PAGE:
Rex R. Hutchens, 33, Grand Cross & Sean D. Graystone, 33
Ideas, such as those related to Ritual in Masonry,
deserve to stand or fall on their own merits and not to be condemned for
their novelty or rejected outright because they may violate a custom whose
time has passed.
This Spring, Oklahoma will have three one-day classes for Blue Lodge Masons (March 22nd in Guthrie, April 24th in McAlester, and July 19th in Tulsa). Their approach to this controversial method of increasing membership deserves careful examination. These classes are restricted to those Masons who have not progressed during the last 30 years. It should be recognized that, at least in many cases, the candidates may not be solely at fault for their lack of progression. Investigating committees and coaches are often ill-prepared for the responsibilities they are given. This can result in candidates who do not know what is going to be expected of them until they have already been initiated. There are Lodges that make the most recently obligated Master Mason a coach, whether or not he has any understanding of the work he has learned, because the memory work is fresh in his mind.
When this is followed by sessions with a coach who is unable to assist the candidate in the techniques of the art of memory or to answer adequately even trivial questions related to basic Masonic principles and symbolism, the result has too often been candidates who elect to drop out rather than continue a process that is both discouraging and difficult. In effect, the Lodge fails the candidate rather than the candidate failing Masonry.
These classes in Oklahoma are part of a burgeoning trend in American Masonry to accelerate the initiative process in the Craft Lodges. It is hardly surprising that this trend has met considerable resistance by many Masons who feel this is an innovation injurious to Masonry.
An examination of the early history of Masonry suggests a possible different perspective. When there were only two Degrees, they appear to have been given on the same day. Even the introduction of the Third Degree around 1725 did not necessarily change this custom.
Though many early catechisms exist, their authenticity is often problematical. As well, we have little knowledge as to whether they were an integral part of the Ritual-an exercise performed in a tiled Lodge for the benefit of all members-or as a more conventional catechism memorized by new initiates. The questions and answers could, for example, have been the entire Ritual and given between the Master and Senior Warden. Knoop, Jones, and Hamer comment that the early catechisms possibly “were rehearsed at lodge meetings, either when no candidate was being admitted or after the admission of a candidate, in order to refresh the memory of, or to instruct, the masons present,...” (Early Masonic Catechisms, pp. 11-12).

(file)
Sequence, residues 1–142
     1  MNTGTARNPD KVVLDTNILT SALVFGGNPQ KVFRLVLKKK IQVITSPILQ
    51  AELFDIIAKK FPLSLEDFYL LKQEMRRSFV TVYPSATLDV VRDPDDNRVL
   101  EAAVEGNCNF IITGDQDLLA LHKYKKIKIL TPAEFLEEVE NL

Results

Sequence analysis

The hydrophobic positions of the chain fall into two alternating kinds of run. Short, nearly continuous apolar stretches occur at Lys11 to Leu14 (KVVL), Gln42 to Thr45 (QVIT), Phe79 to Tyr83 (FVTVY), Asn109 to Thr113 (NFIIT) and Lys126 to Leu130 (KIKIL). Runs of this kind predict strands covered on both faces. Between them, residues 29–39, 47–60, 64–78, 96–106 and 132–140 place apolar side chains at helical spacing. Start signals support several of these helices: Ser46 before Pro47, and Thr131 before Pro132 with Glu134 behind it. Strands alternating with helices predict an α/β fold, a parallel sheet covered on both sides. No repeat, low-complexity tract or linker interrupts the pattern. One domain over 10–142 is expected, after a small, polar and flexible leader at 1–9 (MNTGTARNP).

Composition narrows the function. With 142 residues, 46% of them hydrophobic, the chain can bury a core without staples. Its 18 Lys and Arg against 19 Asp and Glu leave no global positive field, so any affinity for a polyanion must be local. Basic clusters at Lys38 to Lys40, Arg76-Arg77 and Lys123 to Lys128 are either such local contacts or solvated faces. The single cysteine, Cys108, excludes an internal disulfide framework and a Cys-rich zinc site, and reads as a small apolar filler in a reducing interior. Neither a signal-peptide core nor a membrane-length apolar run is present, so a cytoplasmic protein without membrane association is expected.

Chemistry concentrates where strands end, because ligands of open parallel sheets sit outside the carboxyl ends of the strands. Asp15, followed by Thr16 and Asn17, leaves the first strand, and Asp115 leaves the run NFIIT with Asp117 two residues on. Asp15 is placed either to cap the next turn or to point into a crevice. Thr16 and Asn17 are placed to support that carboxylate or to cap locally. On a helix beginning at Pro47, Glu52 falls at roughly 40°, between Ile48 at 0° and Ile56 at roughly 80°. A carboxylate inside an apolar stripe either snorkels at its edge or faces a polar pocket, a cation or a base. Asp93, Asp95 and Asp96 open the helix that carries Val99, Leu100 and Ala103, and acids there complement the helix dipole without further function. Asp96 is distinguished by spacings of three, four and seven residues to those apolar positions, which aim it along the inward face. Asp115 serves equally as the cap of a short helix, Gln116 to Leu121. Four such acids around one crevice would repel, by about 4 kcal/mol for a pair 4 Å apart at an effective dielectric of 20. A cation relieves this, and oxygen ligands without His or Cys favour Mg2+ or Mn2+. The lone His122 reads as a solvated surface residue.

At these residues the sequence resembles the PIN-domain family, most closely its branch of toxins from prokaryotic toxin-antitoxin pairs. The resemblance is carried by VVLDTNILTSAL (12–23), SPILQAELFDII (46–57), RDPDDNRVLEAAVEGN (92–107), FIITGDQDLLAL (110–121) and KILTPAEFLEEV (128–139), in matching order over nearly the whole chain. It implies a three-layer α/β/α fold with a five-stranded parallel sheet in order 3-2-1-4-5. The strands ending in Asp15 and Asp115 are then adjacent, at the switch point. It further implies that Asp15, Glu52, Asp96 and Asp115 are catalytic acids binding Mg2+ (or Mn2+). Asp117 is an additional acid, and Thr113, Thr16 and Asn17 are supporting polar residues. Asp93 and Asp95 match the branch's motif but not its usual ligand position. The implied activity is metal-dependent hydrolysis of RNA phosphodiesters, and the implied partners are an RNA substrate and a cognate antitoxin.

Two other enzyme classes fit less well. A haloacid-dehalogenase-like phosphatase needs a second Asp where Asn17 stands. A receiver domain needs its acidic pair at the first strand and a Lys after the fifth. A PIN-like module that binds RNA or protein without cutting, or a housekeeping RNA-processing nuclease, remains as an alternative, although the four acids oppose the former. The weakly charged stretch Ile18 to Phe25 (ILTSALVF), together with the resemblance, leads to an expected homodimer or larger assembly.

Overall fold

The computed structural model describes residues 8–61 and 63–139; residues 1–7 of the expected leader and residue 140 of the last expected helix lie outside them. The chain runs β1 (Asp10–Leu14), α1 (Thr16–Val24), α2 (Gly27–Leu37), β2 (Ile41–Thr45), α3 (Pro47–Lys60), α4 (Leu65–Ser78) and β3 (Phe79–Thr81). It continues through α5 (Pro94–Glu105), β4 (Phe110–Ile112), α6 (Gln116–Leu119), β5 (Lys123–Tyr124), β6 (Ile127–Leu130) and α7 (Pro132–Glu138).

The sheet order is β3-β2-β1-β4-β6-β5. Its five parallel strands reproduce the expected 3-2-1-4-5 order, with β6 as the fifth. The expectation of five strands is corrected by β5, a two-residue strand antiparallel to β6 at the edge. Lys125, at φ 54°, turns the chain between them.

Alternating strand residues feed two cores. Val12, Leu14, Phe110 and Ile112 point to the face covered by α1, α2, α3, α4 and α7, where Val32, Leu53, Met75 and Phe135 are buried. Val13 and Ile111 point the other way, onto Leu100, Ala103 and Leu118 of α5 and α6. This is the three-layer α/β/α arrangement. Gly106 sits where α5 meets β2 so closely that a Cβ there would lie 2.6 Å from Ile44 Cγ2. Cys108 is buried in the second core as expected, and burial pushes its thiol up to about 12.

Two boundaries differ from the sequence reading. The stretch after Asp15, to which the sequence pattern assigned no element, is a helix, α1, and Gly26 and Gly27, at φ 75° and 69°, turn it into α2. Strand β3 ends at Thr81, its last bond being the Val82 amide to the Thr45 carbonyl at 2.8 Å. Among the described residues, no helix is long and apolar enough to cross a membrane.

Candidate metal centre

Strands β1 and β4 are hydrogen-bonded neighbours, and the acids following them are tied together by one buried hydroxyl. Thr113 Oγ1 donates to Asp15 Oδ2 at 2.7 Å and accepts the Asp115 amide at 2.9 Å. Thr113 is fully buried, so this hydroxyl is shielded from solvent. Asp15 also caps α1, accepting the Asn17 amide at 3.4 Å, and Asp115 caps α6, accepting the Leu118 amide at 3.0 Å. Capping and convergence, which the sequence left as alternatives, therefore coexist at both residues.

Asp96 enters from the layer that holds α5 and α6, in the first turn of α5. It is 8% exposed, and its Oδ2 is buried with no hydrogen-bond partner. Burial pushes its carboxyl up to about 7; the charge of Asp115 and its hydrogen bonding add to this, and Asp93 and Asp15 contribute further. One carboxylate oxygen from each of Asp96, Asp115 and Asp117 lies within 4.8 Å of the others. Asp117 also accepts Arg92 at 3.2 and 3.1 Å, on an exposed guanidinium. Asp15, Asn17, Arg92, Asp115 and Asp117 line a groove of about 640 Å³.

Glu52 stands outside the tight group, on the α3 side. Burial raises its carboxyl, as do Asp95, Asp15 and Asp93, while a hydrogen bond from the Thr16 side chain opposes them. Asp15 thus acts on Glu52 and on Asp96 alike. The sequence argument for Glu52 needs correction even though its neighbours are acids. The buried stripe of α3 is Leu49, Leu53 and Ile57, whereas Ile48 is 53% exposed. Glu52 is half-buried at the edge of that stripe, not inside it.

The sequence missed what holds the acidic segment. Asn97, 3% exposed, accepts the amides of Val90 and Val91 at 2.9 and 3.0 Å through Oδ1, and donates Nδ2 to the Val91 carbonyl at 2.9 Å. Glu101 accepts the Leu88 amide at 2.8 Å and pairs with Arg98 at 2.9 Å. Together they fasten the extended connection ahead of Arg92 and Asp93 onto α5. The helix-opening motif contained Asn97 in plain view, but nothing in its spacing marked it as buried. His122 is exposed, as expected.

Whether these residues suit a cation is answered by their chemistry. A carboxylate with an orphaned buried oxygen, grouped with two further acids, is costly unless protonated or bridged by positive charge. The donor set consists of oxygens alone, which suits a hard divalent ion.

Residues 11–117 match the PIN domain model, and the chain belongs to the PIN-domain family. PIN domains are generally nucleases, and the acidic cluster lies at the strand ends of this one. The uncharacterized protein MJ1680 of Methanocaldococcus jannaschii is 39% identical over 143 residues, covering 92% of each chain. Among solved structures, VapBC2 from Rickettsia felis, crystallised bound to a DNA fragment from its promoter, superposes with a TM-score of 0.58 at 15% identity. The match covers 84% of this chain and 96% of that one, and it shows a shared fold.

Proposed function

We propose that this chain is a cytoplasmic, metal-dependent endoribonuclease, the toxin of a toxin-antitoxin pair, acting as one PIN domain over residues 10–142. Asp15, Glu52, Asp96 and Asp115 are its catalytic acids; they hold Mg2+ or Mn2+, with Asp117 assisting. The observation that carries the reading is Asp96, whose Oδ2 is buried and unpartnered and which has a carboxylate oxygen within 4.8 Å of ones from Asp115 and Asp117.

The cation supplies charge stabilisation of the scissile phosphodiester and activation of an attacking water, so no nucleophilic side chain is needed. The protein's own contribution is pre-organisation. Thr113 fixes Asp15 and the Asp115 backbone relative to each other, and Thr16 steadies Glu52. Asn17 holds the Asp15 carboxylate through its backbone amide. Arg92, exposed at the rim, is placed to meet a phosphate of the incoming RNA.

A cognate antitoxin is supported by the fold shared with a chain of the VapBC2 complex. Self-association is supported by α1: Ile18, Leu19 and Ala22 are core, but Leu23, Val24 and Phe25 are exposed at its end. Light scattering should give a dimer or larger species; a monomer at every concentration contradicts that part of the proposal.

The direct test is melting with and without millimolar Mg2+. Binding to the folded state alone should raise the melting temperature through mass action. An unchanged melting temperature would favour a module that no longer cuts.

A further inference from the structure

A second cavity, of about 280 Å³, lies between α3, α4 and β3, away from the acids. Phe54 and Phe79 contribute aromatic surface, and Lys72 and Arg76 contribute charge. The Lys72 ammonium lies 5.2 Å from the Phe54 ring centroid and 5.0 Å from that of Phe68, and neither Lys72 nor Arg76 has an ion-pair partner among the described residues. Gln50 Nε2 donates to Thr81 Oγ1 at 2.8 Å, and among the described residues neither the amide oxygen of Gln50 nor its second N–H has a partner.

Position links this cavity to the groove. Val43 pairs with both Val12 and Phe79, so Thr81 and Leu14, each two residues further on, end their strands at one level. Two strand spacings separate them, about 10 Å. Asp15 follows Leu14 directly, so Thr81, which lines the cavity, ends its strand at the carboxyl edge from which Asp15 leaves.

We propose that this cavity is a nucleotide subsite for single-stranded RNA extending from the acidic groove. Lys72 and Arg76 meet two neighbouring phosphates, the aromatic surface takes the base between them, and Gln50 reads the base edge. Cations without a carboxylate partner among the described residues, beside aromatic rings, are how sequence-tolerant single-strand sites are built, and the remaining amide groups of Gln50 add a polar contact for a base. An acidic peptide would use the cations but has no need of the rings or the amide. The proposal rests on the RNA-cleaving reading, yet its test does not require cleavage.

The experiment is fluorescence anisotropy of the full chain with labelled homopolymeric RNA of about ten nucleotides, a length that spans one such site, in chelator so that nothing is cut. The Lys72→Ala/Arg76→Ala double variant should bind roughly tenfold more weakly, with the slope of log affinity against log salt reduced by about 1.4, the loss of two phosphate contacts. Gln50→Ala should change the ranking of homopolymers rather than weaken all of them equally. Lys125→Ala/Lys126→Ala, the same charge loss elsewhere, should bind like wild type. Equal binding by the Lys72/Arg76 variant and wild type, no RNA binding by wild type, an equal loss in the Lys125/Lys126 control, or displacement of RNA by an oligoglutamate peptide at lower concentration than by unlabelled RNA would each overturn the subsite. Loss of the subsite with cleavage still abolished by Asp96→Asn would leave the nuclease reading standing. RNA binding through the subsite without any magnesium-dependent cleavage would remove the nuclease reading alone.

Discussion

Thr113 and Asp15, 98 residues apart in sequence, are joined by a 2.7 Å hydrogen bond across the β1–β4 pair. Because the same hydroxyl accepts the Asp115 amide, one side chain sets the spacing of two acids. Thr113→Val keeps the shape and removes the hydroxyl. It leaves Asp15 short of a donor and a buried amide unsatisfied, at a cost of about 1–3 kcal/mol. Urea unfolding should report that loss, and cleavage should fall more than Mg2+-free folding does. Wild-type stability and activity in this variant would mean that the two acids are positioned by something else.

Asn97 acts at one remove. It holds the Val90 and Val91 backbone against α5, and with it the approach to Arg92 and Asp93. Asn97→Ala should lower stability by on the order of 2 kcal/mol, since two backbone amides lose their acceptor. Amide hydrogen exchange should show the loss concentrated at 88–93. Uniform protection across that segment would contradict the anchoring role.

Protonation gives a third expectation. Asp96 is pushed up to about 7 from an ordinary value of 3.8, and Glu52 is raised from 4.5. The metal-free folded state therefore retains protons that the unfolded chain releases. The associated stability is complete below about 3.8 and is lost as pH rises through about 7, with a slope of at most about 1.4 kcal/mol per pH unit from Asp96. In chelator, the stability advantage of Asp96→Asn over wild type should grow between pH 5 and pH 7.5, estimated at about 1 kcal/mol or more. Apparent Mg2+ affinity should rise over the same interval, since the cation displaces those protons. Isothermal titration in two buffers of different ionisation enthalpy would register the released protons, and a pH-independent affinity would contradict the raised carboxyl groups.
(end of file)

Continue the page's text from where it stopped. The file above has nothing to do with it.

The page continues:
Some of these manuscripts reveal very few questions, as in the case of The Whole Institutions of Free-Masons Opened (1725) where there are only 15 questions given and no obligation. On the other hand, The Graham MS (1726) has 33 questions and the answer to the last one is a very lengthy dissertation on Hiram the artisan, the Tower of Babel, the construction of the Temple, and Christ and the twelve Apostles that cannot be supposed to have been memorized by a candidate. Still no obligation is given, or even hinted at, in the manuscript. Perhaps the last lengthy answer was delivered as a lecture as part of the Ritual. Certainly an obligation, even very early in the history of the Craft, can be assumed. A hint of the usual penalty in the obligation for the Entered Apprentice Degree may be found in The Edinburgh Register House MS of 1696.
Early Masonry acquired candidates by solicitation, and rote memorization was an integral part of the educational process then. This is no longer so, and the resultant change in style in education demands a reexamination of our instructional methods. We should not change merely to attract a greater membership. By the same standard, we should not avoid change merely to maintain ineffective instructional methods whose quaintness we may have found attractive. Even Confucius knew that only the very wise and the very stupid cannot change.
There will always be, as there now is, both members interested in Ritual and others interested in the moral instruction and conviviality only our Fraternity can give. Our gentle Craft has never remained static and never will. Ideas deserve to stand or fall on their own merits and not to be condemned for their novelty or rejected outright because they violate a custom whose time may have passed. Under no circumstances should a Fraternity based on the high moral ideals we seek to emulate allow itself to be divided, sometimes bitterly, by the free and open discussion of the ways to handle change.
We should remember well the charge given the Wardens at
the Scottish Rite installation, “...teach the Brethren with precept and
example to bear with the infirmities of each other and especially to beware
of obstinacy and pride of opinion, out of which grow most difficulties
among men and Masons.” It is only united as Brethren that we shall arrive
at any practical solutions to our problems.